Compernolle, Nell. 2017. "Disentangling Perceived Norms: Predictors of Unintended Pregnancy During the Transition to Adulthood." Journal of Marriage and Family 79(4):1076-1095.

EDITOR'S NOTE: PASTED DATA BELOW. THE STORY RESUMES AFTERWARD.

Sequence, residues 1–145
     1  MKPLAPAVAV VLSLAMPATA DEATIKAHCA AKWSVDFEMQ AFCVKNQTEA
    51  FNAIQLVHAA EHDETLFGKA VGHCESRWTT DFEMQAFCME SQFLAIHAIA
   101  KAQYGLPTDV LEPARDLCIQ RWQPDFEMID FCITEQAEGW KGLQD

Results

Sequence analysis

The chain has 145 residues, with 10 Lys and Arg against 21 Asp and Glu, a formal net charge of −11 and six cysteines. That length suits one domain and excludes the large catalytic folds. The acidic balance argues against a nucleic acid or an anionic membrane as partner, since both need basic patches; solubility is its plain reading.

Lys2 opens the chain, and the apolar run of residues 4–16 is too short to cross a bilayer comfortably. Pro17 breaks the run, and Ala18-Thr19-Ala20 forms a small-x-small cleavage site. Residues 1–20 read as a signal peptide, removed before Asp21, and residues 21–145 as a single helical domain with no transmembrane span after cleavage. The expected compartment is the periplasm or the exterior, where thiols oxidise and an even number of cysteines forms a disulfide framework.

Using data from the Relationship Dynamics and Social Life Study, this study examines the role of perceived norms in predicting undesired pregnancy among young women aged 18 to 22 years. First, it compares the relative influence of the content (injunctive [approval] versus descriptive [prevalence]) and referent (parents versus friends) of fertility-related norms. Second, in identifying entrance into motherhood as an important life course event, particularly during the transition to adulthood, it explores how these influences vary by parity. Third, it tests two potential mechanisms: conformity via internalization and superficial conformity. Findings support injunctive norms: Nonmothers' risk of undesired pregnancy is largely influenced by friends' approval, whereas parents' approval best predicts that of young mothers'. The effects are independent of respondents' own attitudes, suggesting superficial conformity. The study sheds light on how young women's perceptions of what is “normal” among important others influence a consequential early-life event: becoming a parent.